Sunday, August 28, 2005
WHERE: The Sunday Source's Metro train trip returns, this time exploring 13 of the 26 stops along the Orange Line (don't worry -- the other half will get its due in time).
WHY: A NASA library in Southwest, a secret notebook among graves and crab cakes with lots o' lumps.
HOW FAR: 10.14 miles, or 26 minutes without stopping.
With a full day's journey ahead -- remember, Metro runs till midnight or later -- start your Orange Line adventure with a full belly and a cushioned spine at the Ronald Reagan Building and International Trade Center at Federal Triangle. Down a staircase that would make Scarlett O'Hara swoon is a food emporium with menus all over the map. Give in to your hankering du jour -- Mexican, Mediterranean, New York deli -- then dash up to Wilson Plaza and score one of the best seats in the house, a white plastic lounger that resembles a space-age dentist's chair. Since the coliseum-shaped plaza is open from sun up to high moon, you can watch the sky pass through its many moods from your 45-degree perch.
But don't laze about too long; instead, go read the trees at the U.S. Department of Agriculture. Even with the madness of the Mall and Smithsonian swirling behind you, you can still feel the gravitas of the plaque-adorned arbor that honors Martin Luther King Jr., holocaust victims and 13 USDA employees who died in grain elevator explosions in 1977.
Bland architecture masks the out-of-this-world wonders inside the little-known NASA Headquarters Library at Federal Center SW. Upon entering -- wear that visitor's pass with pride, because you have to give it back-- staff members will greet you, eager to answer any Trekkie question. Or, seek out the discovery yourself: The maze of books and magazines may not make a lot of sense to those without an astrophysics degree, but the shuttle and space station models bring out the gee-whiz in all of us. When your brain is baked on rocket science, pop in a video -- how about "Apollo 13"?
Uncover mysteries of a different sort at the Supreme Court, near Capital South. Mainly, will John Roberts replace Sandra Day O'Connor? And do the justices eat in the downstairs cafeteria, which serves up a mean bowl of Froot Loops? (Answers: who knows, and not likely; the justices dine elsewhere.) Until the party of nine returns in October, the court is open to all for tours. Leave time for the short docu-flick, the portrait gallery of past justices and the gift shop, where you can buy Hummel-like figurines of law clerks.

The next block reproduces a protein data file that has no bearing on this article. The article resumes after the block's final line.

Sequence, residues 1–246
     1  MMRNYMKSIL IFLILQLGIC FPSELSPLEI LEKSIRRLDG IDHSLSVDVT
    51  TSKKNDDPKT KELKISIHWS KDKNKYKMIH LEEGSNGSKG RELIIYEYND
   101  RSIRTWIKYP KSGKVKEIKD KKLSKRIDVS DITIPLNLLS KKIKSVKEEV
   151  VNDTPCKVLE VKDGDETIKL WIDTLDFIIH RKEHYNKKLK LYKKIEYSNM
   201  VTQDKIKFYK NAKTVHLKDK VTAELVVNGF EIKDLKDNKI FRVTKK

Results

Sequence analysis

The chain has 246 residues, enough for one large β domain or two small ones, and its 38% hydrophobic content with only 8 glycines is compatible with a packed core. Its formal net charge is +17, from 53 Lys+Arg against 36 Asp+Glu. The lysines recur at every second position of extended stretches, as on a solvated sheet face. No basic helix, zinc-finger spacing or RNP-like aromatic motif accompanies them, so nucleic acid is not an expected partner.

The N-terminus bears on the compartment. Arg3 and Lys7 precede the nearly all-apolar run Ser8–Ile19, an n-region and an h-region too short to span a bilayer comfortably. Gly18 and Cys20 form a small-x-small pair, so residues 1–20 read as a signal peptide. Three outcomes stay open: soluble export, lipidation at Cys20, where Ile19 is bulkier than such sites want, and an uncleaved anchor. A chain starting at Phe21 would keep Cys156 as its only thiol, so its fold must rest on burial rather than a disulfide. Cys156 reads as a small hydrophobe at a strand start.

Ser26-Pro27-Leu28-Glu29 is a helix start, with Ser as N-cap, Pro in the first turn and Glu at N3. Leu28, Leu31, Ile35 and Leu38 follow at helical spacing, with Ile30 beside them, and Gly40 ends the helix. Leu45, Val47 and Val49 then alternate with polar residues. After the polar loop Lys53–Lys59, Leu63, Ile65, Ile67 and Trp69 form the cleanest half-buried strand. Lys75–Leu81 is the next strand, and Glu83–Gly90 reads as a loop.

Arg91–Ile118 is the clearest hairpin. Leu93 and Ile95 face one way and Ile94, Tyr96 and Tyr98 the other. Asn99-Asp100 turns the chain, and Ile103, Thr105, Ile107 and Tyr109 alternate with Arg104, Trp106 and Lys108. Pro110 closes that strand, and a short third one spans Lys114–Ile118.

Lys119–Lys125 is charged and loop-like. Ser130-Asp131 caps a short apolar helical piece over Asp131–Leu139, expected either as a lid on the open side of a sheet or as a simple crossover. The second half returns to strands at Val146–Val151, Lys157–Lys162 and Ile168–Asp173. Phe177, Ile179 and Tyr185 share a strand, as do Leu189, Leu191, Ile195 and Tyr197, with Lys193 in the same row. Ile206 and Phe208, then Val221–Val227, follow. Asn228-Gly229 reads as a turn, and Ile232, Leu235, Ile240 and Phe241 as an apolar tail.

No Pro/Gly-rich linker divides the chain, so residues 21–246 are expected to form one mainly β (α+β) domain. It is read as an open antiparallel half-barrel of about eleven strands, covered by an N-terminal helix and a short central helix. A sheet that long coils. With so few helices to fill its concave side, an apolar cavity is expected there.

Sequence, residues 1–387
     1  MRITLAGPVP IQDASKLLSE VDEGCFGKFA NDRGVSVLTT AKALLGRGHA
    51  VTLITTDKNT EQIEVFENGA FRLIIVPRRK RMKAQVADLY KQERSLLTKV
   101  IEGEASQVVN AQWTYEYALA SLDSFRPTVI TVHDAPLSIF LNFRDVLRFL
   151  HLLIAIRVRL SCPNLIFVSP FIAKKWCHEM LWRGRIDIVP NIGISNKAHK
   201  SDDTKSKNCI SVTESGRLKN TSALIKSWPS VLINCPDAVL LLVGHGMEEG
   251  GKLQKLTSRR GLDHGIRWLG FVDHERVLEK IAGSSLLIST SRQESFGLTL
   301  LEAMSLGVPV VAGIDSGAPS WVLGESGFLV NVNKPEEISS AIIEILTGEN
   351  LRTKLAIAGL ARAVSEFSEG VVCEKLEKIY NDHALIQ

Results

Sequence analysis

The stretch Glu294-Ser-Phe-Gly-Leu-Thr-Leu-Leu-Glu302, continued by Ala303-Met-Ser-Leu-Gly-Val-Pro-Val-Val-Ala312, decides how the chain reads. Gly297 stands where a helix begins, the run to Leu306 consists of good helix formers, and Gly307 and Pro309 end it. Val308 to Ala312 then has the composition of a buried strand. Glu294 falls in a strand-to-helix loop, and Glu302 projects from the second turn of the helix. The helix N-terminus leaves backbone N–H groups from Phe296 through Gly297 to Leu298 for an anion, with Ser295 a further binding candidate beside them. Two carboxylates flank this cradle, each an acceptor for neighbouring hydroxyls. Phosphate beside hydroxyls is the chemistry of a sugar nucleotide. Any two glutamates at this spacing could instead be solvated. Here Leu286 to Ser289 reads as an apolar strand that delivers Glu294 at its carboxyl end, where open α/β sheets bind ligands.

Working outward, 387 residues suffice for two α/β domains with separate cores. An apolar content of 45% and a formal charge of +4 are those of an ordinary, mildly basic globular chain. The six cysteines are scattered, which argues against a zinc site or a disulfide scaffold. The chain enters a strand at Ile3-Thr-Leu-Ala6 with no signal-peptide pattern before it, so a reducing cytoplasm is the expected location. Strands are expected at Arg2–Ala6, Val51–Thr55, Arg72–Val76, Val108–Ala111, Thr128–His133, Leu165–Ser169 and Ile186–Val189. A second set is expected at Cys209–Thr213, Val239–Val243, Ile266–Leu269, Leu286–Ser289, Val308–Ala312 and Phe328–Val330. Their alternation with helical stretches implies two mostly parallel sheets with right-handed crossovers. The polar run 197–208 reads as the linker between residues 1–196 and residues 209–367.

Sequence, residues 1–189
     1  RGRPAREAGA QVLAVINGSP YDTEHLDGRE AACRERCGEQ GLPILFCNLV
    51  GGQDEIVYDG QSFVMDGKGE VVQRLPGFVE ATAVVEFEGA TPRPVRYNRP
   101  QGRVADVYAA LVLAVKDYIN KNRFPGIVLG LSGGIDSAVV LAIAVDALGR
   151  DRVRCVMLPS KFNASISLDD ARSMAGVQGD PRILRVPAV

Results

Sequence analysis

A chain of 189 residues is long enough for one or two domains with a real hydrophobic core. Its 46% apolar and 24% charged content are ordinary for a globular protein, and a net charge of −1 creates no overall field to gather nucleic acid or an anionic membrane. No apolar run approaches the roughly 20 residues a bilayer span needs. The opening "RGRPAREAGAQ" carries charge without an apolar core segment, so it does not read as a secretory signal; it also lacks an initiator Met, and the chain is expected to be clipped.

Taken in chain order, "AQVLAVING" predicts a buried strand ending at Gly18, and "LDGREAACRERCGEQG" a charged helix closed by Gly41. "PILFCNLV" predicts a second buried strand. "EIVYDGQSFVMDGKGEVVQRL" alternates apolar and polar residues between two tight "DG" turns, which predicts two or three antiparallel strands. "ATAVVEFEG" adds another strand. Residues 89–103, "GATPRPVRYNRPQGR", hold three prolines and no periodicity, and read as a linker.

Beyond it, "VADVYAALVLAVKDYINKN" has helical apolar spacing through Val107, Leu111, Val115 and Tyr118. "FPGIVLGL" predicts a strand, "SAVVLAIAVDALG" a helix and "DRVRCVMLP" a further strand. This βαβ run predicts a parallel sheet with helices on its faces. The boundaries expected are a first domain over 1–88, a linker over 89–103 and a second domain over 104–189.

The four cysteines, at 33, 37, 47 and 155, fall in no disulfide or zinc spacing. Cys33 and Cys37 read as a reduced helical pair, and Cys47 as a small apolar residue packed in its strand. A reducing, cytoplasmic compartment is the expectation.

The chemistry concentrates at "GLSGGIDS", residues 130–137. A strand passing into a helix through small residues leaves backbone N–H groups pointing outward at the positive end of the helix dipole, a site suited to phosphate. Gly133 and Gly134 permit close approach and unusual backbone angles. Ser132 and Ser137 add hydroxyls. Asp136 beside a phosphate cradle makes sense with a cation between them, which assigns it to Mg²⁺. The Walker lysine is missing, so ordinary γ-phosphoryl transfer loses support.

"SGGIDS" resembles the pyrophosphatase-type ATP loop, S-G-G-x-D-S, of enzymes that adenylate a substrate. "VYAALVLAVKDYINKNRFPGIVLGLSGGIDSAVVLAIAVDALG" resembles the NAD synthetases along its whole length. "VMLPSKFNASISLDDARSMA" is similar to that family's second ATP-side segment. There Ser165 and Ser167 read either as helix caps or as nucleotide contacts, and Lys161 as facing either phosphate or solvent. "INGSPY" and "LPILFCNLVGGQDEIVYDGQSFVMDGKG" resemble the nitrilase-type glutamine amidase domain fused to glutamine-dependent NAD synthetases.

The Stadium-Armory stop is still in the city, but the historic Congressional Cemetery feels more like pastoral West Virginia. You can actually hear the leaves rustle -- or are those the Ghosts of Congressmen Past? Just beyond the Native American totem poles, a little yellow notebook is neatly tucked beneath one of the twin benches lining the walkway. Visitors have scrawled poignant reflections into the journal, such as the tear-jerking passage written by a gay man who once considered suicide. Such unbridled emotion might inspire you to pen your own ponderings -- a writing utensil is provided, so you have no excuse.
Across the Anacostia River, Miss Charlotte's takeout joint on Minnesota Avenue serves "monster" burgers, but her specialty comes from the ocean. If you are new to crab cakes, here's the dish, courtesy of Miss C.: Lump cakes are like filet mignon, jumbo and regular are like sirloin. Next stop: the Kenilworth-Parkside Community Center at Deanwood, which has just about every ESPN activity short of steeple chasing -- and it won't set you back a dime.
At Landover, the penultimate station, art and inspiration are underfoot. The sidewalk along Pennsy Drive is decorated with colorful tile designs and insightful quotations. And for your return from New Carrollton, this Arthur Ashe quote seems especially apt: "I have always drawn strength from being close to home."
-- Andrea Sachs
Metrorail's One Day Pass costs $6.50 and is valid weekdays after 9:30 a.m. and all day on weekends and federal holidays, until the last trains depart. Passes are available online ( http://www.wmata.com/ ) or at the electronic kiosks in all Metro stations.